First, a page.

At this time, computers had really only just started to enter the 'mainstream' (and therefore, the home), so this season served not only to demystify personal computers, but also to introduce the 'average person' to the foundations of computer use, and more importantly, computer theory. Indeed, this show first aired in Australia just after my parents bought me my first computer (a Commodore 64), and looking back, it played no small part in setting me down a path that has seen me working in the fields of Computer Science, Information Technology and Electronic Engineering, as well as in the Research and Development, governmental and commercial sectors.

And it's interesting to note that, although the technology (i.e. the computers and their peripherals) has well and truly aged to the point of quaint nostalgia, many of the underlying principles — and their explanations — remain relevant to this day; indeed, this short clip on the differences between interpreters and compilers (yes, this is the kind of detail they went into in this show), still elicits comments and messages of appreciation, even from university students — no small achievement for an introductory computing show from the 80s :-)

Truth be told, I also quite like the show's sound design and original music (pardon the tracking problem of the first clip):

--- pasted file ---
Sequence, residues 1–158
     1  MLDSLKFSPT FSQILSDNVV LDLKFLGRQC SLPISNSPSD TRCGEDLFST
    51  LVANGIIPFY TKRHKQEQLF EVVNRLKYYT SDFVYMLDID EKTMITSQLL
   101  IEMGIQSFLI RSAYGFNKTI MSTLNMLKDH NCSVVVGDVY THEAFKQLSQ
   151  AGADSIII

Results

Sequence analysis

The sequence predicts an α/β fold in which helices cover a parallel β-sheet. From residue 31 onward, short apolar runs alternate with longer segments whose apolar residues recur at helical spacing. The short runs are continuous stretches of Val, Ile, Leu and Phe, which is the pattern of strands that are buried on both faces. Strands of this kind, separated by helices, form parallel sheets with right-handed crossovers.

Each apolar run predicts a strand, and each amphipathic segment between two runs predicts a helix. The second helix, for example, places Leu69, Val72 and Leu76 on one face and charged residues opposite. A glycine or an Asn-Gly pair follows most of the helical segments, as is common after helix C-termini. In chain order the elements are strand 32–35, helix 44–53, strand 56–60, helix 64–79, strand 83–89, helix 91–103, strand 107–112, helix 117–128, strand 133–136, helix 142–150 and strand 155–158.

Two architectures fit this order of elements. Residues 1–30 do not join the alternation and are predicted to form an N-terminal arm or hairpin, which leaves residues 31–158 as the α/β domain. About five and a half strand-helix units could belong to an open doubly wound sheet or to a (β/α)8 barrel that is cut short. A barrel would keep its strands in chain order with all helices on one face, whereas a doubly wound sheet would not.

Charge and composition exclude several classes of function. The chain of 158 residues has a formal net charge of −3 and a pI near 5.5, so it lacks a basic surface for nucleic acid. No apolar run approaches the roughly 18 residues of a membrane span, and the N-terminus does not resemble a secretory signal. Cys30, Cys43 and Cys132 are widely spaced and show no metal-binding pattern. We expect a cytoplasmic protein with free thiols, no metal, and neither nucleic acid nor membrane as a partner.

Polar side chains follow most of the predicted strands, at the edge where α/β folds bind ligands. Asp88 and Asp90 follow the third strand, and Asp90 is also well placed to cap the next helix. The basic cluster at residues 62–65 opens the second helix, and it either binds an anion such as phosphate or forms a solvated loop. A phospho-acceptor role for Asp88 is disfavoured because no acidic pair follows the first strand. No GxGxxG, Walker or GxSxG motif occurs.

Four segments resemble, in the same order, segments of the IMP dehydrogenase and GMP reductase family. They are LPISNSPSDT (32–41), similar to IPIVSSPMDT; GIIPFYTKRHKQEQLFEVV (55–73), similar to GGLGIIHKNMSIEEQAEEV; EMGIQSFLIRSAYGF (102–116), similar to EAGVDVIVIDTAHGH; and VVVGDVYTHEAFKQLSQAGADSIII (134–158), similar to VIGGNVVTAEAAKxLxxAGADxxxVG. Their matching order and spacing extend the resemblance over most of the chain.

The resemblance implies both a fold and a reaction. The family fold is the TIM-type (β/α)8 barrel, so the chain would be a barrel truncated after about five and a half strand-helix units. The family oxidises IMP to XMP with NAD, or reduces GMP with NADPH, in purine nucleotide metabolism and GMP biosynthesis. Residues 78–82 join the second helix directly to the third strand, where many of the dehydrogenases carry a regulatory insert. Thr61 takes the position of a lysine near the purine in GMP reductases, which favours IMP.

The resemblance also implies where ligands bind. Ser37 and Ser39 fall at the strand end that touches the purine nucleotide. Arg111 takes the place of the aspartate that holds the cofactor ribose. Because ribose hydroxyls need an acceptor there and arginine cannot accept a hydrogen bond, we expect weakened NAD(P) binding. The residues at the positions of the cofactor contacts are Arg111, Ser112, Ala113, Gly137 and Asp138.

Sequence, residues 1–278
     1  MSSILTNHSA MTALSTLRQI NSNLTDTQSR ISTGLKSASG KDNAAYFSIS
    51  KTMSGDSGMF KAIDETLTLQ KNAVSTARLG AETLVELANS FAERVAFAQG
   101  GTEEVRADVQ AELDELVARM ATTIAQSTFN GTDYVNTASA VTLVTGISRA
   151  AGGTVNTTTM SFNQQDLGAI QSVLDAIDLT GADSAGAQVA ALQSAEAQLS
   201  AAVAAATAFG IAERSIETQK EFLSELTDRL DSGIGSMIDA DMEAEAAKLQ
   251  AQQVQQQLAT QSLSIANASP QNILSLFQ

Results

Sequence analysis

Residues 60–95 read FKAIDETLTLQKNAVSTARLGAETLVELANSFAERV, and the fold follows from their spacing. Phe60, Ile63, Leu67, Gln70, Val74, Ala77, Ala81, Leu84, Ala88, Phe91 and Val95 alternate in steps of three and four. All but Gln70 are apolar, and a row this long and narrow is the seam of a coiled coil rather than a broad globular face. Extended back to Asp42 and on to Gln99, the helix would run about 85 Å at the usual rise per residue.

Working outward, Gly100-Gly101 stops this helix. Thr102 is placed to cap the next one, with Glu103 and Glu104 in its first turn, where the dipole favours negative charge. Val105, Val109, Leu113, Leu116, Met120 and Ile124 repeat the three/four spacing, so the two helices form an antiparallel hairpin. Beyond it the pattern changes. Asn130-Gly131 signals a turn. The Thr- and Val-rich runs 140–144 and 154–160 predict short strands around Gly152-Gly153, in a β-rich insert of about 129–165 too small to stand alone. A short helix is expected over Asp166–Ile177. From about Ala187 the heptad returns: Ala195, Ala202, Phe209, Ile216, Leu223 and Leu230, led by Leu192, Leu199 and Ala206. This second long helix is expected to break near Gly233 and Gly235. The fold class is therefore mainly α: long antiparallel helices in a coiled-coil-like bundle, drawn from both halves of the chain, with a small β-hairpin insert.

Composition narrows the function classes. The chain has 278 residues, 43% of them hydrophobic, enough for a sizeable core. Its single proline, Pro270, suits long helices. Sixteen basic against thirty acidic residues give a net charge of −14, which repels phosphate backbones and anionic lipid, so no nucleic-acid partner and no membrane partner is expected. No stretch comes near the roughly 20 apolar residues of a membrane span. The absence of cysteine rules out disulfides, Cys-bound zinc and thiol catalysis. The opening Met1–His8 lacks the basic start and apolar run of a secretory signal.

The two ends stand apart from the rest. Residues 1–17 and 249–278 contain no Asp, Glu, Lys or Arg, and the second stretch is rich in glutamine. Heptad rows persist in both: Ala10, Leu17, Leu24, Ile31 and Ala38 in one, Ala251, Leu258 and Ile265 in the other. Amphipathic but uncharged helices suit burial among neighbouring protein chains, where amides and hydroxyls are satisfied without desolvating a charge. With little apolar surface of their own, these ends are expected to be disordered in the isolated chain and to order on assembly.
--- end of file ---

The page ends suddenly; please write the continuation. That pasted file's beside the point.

(The second season aired in 1991 and featured Billy Van, now in the role of teacher, however between the fact that it focused on the much more sterile world of 286 and 386-based PC systems and my lack of personal connection to this show, I'm really only just mentioning it here for completeness' sake.)

In putting together this website, I came across a post I wrote back in 2008; while it'd be fair to say that my priorities and foci have changed quite a bit in the intervening years, it still captures the essence of what originally drew me to classic computers, hence my including it here…

If you've made it this far, you probably have at least some vague notion of why people like me love to collect and tinker with older, or classic, computers. (And when I say 'classic computer' I usually mean a minicomputer from the 1960s and 70s, their descendants, or a microcomputer that came out somewhere between the mid-70s and the late-80s.)

Reasons such as nostalgia, and the propensity to collect and hoard things probably come to mind, and you'd be at least partly right — but, for me, it goes way beyond that. The purpose of this posting, then, is to try and explain some of the reasons behind the unusual (and at times frightening) lengths that fans of classic computers go to in rescuing, collecting, using and preserving these “elegant tools from a more civilised age” (with apologies to George Lucas).